Can You Ground Your Club In A Penalty Area?

The Rules have changed a lot in recent years and the answer to, 'Can you ground your club in a penalty area?' is now different...

Practice swing in penalty area
(Image credit: Kenny Smith)

The Rules of Golf change from time to time, typically over a four-yearly cycle, and the reason this is a valid question is that this is one of the elements that changed quite significantly with the major Rules revisions that were introduced in 2019.

First and foremost, the terminology changed at that time such that the ‘water hazards’ of old became the ‘penalty areas’ of today. The video below offers a simple explanation of how to proceed if you find yourself in one!

We don’t need to go into the rationale or reasoning for that too much here, but to coincide with that rebranding, if you like, The R&A also took the opportunity to relax some of the previous Rules and regulations governing what you could and couldn't do in those water hazards of old.

Ground club in penalty area

The Rules changed in 2019 and this is now fine as long as you don't cause your ball to move

(Image credit: Kenny Smith)

Previously you couldn’t touch the ground or water with your club or hand in a water hazard, nor remove loose impediments. You certainly couldn’t take a practice swing that touched the ground. Now you can do all three in a penalty area just as you can elsewhere in the general area of the golf course (though it’s worth remembering that in bunkers, you still can’t touch the sand with your club or make practice swings that touch the sand before playing your shot).

Practice swing in penalty area

You may now take practice swings that touch the ground in a penalty area

(Image credit: Kenny Smith)

What you can’t do, of course, is cause your ball to move in carrying out any of the above as that will still attract a one-stroke penalty under Rule 9.4b (you must then also replace the ball before playing). So, you must still be very careful around your ball in a penalty area, as moving a loose impediment, for example, that then causes your ball to move will still attract that penalty.

Loose impediment in penalty area

You may now remove loose impediments in a penalty area, as long as you don't move your ball in the process

(Image credit: Kenny Smith)

And, just as elsewhere on the course, neither can you do anything that might be deemed to be improving the conditions affecting your stroke – for example, pressing long grass down right behind your ball or swishing long grass away on a practice swing close to your ball that could be considered to be making your actual shot easier in some way.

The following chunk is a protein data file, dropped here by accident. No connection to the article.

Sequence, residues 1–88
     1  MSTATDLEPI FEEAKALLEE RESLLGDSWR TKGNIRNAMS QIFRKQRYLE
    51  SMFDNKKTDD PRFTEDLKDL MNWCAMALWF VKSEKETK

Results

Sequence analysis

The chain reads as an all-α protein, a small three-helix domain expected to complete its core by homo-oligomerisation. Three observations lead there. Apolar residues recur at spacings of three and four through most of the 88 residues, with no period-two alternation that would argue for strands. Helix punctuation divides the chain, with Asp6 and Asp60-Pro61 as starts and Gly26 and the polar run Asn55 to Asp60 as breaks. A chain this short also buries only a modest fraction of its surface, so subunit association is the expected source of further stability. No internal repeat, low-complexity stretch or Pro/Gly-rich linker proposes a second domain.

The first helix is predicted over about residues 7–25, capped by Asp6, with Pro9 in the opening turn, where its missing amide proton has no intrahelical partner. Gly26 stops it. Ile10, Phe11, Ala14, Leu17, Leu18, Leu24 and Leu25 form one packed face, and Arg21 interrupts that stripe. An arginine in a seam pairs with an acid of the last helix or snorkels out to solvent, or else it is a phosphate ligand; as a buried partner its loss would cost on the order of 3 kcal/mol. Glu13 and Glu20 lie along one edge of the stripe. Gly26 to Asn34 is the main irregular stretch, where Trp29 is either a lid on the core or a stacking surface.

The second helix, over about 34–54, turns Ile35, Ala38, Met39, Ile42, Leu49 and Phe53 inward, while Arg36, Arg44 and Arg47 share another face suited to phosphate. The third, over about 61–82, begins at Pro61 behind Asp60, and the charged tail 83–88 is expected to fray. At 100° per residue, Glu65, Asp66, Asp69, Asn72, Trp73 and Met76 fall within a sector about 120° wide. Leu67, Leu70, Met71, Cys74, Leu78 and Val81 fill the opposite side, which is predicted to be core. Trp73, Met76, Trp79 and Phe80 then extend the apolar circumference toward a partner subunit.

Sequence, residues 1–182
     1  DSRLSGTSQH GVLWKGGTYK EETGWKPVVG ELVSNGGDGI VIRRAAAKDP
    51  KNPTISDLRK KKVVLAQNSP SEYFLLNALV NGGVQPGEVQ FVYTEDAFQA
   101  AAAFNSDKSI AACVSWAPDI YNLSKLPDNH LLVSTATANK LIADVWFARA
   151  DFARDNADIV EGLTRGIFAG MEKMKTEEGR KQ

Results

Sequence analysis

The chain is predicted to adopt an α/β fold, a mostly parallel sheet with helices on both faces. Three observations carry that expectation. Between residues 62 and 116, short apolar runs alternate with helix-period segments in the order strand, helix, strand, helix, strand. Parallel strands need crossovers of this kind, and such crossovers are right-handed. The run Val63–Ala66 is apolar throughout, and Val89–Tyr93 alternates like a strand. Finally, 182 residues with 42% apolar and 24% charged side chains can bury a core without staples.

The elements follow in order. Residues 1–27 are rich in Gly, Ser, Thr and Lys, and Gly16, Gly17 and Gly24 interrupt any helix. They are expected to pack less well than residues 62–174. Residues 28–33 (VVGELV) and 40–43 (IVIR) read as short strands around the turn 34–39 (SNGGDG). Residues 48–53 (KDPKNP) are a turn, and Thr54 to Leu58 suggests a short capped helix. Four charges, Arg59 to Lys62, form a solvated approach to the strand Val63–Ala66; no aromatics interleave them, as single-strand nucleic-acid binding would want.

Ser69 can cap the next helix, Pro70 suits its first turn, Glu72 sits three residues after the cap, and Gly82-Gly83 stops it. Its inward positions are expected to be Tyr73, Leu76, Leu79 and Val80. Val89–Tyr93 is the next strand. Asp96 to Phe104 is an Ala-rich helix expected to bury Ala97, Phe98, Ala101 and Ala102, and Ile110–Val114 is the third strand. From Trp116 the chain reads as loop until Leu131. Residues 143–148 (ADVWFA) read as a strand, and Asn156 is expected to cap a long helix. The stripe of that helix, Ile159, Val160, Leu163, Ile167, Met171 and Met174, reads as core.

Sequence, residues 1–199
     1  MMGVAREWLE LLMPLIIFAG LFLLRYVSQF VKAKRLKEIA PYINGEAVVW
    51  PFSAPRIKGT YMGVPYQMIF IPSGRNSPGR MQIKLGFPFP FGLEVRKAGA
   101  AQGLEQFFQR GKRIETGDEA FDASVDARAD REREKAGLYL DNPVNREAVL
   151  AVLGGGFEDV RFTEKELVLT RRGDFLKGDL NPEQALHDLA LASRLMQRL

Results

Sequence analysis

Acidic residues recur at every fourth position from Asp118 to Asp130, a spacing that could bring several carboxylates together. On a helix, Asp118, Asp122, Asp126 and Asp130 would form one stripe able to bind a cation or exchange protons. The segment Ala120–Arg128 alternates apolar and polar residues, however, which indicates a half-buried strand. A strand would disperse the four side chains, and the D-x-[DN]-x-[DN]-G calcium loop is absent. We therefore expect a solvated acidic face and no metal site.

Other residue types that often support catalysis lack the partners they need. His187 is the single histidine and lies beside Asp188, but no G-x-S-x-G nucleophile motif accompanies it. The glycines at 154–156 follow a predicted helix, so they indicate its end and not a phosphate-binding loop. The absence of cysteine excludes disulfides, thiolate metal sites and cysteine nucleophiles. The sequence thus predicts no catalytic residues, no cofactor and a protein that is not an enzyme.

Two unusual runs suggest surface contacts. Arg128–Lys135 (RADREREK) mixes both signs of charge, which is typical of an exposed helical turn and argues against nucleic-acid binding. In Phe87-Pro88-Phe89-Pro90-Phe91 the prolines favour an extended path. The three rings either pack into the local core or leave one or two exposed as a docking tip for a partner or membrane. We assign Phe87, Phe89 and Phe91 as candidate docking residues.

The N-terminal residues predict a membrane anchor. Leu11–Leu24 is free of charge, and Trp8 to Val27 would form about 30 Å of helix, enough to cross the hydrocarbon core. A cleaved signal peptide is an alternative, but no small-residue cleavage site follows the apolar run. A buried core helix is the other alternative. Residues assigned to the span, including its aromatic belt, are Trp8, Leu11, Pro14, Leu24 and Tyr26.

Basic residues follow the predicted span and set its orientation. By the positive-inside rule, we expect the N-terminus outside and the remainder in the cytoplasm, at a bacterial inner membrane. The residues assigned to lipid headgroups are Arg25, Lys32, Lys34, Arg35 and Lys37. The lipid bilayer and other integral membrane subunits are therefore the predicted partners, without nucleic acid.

So, in answer to the question in the headline, yes you can, and you can also now remove loose impediments and take practice swings that touch the ground in a penalty area… as long as you don’t cause your ball to move in the process or improve the conditions affecting your stroke.

Jeremy Ellwood
Contributing Editor

Jeremy Ellwood has worked in the golf industry since 1993 and for Golf Monthly since 2002 when he started out as equipment editor. He is now a freelance journalist writing mainly for Golf Monthly. He is an expert on the Rules of Golf having qualified through an R&A course to become a golf referee. He is a senior panelist for Golf Monthly's Top 100 UK & Ireland Course Rankings and has played all of the Top 100 plus 91 of the Next 100, making him well-qualified when it comes to assessing and comparing our premier golf courses. He has now played 1,000 golf courses worldwide in 35 countries, from the humblest of nine-holers in the Scottish Highlands to the very grandest of international golf resorts. He reached the 1,000 mark on his 60th birthday in October 2023 on Vale do Lobo's Ocean course. Put him on a links course anywhere and he will be blissfully content.

Jezz can be contacted via Twitter - @JezzEllwoodGolf

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